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Free Government Information (FGI) is a place for initiating dialogue and building consensus among the various players (libraries, government agencies, non-profit organizations, researchers, journalists, etc.) who have a stake in the preservation of and perpetual free access to government information. FGI promotes free government information through collaboration, education, advocacy and research.

Aaron Swartz documentary “The Internet’s Own Boy” is available for CC-licensed preorder

Aaron Swartz. Photo Credit: Noah Berger “The Internet’s Own Boy,” Brian Knappenberger’s award-winning, acclaimed documentary about Aaron Swartz, will be in theaters around the country in the next few weeks and is also available to pre-order as a Creative Commons-licensed (CC-BY-NC-SA) video download. You can stream the movie for $7 from most platforms, and for $10, you can buy it from Vimeo as a shareable, remixable download. Please consider purchasing the documentary for your library. You won’t regret it. Aaron’s message and story remain extremely important and impactful to the future of the internet, access to public information and publicly funded scientific knowledge.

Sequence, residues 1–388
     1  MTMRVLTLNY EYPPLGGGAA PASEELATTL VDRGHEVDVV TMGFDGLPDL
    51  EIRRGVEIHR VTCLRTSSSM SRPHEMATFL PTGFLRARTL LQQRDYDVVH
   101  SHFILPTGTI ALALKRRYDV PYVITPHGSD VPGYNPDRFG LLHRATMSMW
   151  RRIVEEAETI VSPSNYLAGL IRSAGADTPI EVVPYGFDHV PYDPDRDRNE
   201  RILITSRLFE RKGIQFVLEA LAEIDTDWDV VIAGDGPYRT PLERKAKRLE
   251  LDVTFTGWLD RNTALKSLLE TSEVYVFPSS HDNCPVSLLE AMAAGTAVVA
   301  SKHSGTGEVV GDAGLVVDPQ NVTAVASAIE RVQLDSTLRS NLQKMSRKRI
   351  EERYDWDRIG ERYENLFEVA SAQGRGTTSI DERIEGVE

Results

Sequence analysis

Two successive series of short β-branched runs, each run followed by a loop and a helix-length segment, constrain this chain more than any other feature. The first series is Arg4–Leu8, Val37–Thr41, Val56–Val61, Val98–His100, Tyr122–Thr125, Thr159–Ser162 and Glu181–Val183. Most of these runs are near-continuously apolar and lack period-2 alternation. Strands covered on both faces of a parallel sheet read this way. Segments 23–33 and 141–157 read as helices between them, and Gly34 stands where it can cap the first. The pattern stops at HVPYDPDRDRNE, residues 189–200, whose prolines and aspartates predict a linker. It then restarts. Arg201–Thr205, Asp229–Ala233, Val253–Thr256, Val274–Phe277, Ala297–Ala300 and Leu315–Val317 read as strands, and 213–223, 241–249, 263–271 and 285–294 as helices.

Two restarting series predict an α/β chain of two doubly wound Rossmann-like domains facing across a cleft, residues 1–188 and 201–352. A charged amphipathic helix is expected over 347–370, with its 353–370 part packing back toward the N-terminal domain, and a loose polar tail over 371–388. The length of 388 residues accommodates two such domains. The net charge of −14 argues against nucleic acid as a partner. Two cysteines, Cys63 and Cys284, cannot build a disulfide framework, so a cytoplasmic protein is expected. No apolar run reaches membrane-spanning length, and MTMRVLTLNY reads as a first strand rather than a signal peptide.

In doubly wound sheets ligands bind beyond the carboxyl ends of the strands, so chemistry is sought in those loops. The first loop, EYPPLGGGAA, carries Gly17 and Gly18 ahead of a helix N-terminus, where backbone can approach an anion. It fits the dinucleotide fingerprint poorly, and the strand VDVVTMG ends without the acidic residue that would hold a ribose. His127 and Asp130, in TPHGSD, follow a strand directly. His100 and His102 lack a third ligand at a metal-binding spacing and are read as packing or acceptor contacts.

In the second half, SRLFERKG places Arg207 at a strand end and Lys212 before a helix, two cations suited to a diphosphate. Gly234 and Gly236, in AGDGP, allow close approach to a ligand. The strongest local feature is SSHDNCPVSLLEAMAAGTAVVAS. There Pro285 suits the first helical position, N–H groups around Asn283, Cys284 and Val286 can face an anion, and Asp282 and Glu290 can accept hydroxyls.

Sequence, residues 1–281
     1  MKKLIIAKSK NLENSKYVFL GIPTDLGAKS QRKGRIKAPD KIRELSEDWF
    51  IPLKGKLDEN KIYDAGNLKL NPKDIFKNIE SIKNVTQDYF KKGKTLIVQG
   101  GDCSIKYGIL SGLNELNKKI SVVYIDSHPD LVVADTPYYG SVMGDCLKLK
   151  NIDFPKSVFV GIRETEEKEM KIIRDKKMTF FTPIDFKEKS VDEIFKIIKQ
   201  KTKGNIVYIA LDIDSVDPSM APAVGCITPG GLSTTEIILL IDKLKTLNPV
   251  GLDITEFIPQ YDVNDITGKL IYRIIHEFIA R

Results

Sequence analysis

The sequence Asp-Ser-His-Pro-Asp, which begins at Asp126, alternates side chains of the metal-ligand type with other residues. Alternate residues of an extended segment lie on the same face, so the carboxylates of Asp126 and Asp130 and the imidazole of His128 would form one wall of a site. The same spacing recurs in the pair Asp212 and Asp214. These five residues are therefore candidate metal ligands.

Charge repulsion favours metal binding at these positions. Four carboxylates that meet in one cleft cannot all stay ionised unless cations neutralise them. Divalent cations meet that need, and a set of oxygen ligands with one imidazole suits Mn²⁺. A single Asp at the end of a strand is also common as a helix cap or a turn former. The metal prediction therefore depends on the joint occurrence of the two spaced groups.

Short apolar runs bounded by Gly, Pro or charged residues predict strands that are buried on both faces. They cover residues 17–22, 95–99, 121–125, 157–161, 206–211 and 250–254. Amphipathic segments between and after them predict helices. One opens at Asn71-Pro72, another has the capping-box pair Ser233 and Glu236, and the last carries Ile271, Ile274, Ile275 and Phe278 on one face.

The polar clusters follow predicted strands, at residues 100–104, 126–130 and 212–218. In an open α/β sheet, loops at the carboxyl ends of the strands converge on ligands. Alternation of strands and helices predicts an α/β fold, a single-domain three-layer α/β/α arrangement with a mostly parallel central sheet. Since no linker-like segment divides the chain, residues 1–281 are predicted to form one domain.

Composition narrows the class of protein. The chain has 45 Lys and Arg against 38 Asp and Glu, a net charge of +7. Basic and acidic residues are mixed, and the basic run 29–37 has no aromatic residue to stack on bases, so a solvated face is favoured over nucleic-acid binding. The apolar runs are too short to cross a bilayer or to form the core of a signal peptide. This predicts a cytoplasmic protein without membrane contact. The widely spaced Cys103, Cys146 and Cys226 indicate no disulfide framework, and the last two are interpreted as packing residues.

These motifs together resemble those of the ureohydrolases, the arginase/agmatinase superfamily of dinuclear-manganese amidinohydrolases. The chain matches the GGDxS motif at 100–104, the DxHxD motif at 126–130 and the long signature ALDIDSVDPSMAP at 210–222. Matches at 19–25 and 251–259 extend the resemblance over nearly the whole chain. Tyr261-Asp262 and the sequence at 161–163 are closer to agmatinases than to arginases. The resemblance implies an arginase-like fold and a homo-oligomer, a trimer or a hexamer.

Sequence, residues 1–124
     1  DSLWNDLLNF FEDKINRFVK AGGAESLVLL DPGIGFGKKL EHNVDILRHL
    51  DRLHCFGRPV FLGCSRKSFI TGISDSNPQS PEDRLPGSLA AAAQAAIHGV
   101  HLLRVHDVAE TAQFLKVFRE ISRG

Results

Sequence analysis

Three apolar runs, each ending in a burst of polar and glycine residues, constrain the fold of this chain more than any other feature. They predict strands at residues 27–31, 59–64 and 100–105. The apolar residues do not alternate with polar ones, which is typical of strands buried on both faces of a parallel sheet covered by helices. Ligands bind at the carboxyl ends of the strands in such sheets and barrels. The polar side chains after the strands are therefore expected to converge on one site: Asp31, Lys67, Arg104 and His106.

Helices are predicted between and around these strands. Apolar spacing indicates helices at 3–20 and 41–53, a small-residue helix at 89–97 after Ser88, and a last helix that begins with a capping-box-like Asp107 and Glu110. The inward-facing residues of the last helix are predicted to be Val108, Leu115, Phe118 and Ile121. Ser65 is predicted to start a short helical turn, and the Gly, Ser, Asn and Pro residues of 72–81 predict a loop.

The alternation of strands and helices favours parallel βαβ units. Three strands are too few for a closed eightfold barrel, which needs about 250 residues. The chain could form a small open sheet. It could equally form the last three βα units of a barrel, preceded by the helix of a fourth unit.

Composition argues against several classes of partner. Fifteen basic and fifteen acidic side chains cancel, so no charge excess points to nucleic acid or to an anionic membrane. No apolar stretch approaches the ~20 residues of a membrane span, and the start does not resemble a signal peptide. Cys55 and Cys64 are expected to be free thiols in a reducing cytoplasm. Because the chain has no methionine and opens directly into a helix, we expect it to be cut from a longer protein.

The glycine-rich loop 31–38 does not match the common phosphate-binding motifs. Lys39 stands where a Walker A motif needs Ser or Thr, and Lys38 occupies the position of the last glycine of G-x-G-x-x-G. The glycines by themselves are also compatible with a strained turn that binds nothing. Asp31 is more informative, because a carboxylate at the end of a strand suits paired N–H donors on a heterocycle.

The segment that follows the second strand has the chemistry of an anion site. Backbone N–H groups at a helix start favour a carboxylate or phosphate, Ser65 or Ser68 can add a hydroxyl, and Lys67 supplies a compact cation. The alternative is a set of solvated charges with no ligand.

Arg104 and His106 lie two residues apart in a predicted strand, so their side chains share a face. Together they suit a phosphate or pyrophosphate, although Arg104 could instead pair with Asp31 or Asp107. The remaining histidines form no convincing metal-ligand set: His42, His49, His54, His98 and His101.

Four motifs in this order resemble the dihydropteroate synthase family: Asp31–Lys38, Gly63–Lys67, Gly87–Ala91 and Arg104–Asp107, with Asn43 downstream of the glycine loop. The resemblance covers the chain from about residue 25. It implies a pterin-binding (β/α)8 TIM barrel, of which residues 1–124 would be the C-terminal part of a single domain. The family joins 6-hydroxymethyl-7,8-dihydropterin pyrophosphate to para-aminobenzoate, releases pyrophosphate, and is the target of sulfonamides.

The Internet’s Own Boy – Trailer from FilmBuff on Vimeo.

    Movement for the Liberation of Old Papers

    Erik Ringmar, professor of social and cultural studies at the National Chiao Tung University, Hsinchu, Taiwan, wants others to join him in putting restricted government documents on the web.

    I say this is awesome! There’s certainly precedent for this kind of activism: Jared Benedict liberated a bunch of USGS maps and just last week, I uploaded the Iraqi Perspectives Report to the Internet Archive. Anyone else out there set free a government document? Leave us a comment.

    So, I’ve taken it upon myself to start an organisation called MLOP, the “Movement for the Liberation of Old Papers”. What I do is hack into restricted websites, download the documents I’m interested in, and then use my favourite open-source paint program to remove the copyright statements from each page. Next I assemble the pages into one single pdf file and upload it to the Internet Archive, where it will become universally available to both researchers and citizens. Yes, it does take a bit of time, but it’s a very worthy cause (and I have a hardworking research assistant to help me).

    I feel strongly about this, and I’m prepared to live with the legal consequences of my actions. This, after all, is the new frontier of civil rights – the right of access to information. How else can corruption be stopped and falsehoods exposed? How else can people in power be held accountable? I’d go to prison for the old parliamentary papers if I had to. Ever after I would proudly brag about having liberated an old House of Commons report from the clutches of market capitalism.